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Meet Skylar Schock of Messy Bun Productions in Hollywood

Today we’d like to introduce you to Skylar Schock.

Skylar, let’s start with your story. We’d love to hear how you got started and how the journey has been so far.
Growing up, I think I actively avoided admitting to myself I was meant to be an actor, despite elaborate live reenactments of the Spice Girls’ albums for my family, or my insistence to my dad that I hated my “costume” when referring to my softball uniform in elementary school.

I graduated from UCSD with a Bachelor’s in Communication and started working in marketing, which I believe was my attempt to assuage my need to tell stories but in a way that was guaranteed to make money. After a few years of being unsatisfied, I finally was brave enough to ask myself what I really wanted to do. The answer was of course “actor”, but it surprised me. Not because of the nature of it, but because I was technically SO FAR away from that dream coming true. I eased into it, taking classes to test my theory of seeing if this was what I really wanted to do. It was during this time that I started to also understand the power of dramatic and comedic narratives to shift a perspective or ease polarized rhetoric from the news. I knew this was what I was going to pursue and committed to moving to LA to start training at a conservatory and learning how to be the best storyteller. I then went to UCLA’s Professional Program in Acting for the Camera, met a few of my current best friend-collaborators and have been producing and acting since then.

Overall, has it been relatively smooth? If not, what were some of the struggles along the way?
This industry can be brutal, and I truly believe that even the actors and creators “born into it” still struggle. I absolutely have struggled with the typical stuff. Learning how to make money and pursue art and not always having enough of it, dealing with friends and family who don’t understand what I am doing or why I am not already starring on a sitcom, not getting roles because of my looks, getting cut from projects for reasons I still don’t know, etc. But for me, these are sort of the job’s realities vs being a struggle. If you can’t accept that you’re going to get rejected or have low periods, you’re not going to be able to sustain. I ultimately think the struggles that have been teachers for me are the ones more rooted in the craft itself. Learning how to find my unique creative voice and WHAT stories I am best to tell is something I constantly am working on. Or being on set, under less than ideal circumstances and actively working to still be the best version of myself and be generous and not ego-driven, etc. Those are struggles I really have felt like made me more of the person I am today.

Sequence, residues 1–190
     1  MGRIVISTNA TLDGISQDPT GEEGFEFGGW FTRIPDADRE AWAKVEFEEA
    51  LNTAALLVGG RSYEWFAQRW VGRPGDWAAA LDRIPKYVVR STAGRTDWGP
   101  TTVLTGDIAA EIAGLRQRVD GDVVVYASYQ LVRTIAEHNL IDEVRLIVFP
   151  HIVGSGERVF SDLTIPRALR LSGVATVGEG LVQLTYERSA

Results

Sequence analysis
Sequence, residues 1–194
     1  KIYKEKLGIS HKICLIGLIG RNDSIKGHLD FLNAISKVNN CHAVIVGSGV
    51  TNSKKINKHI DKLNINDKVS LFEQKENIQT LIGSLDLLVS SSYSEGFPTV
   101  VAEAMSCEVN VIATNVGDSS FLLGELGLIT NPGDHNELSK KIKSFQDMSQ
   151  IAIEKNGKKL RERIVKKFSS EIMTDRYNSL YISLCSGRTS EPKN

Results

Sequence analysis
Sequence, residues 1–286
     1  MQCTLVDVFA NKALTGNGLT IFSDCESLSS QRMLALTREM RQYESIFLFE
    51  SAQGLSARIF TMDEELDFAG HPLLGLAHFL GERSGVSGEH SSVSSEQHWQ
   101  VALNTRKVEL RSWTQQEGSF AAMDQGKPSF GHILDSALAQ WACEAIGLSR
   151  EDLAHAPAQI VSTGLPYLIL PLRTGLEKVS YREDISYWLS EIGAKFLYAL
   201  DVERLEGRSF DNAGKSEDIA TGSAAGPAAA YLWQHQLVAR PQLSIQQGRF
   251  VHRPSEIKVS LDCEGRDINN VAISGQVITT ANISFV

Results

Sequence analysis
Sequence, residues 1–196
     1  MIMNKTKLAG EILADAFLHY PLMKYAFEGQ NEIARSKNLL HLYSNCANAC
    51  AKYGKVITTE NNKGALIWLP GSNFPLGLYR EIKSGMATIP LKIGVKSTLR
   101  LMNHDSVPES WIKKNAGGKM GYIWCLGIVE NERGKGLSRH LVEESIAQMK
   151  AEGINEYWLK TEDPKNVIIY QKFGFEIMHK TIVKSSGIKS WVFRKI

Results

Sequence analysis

We’d love to hear more about your work and what you are currently focused on. What else should we know?
When I first started my path in this, I was convinced I was going to do gritty indie drama, haha. After training with Joel Murray at UCLA, I discovered comedy. At first, I thought comedy wasn’t as serious or meaningful. I was wrong. I realized that shows like VEEP and Fleabag are just as valuable at opening up conversation and perspective, plus acting in comedy is, in ways, more difficult. I was hooked. I think we are just starting to celebrate comedies with complicated female leads and I want to keep creating in that lane. Most recently I produced and starred in She Had it Coming, a supernatural dark comedy, directed by Gedde Watanabe and written by Anna Keizer.

I also tend to be a bit of a romantic and also am obsessed with psychology so I also hope to make films that offer a character a chance to challenge a taboo or generalized trope. We just shot a project about an affair, and it was really important for me to have two females that were strong, and deeply complicated and transcend the tropes found in your normal narrative making it harder to “pick sides”.

Any shoutouts? Who else deserves credit in this story – who has played a meaningful role?
SO SO SO many people. I feel like I could list out people all day, my friends and family are deeply supportive. Here are a few people who absolutely deserve credit in my story:

Kathryn Gately – My master Meisner acting teacher who truly taught me what being an actor was and opened my eyes to not just the craft but also to the idea that I had a choice in what kinds of stories I created, participated in, and that I was responsible for the art I was contributing to the world.

Kayla Baken – My most frequent co-collaborator and one of my dear friends. She is the funniest writer, and we get ish done together. My all-time favorite weekend is when we shot a sketch on our iPhones one Fri night, had two entire shoot days on her web series Sat and Sun, then Sun night started editing the sketch. We literally did not stop laughing the entire time but we were just creating.

Tom Nunan and Andrea Bendewald – Two brilliant teachers I had at UCLA who I still learn from constantly. They are working pros and I can’t soak up their wisdom enough.

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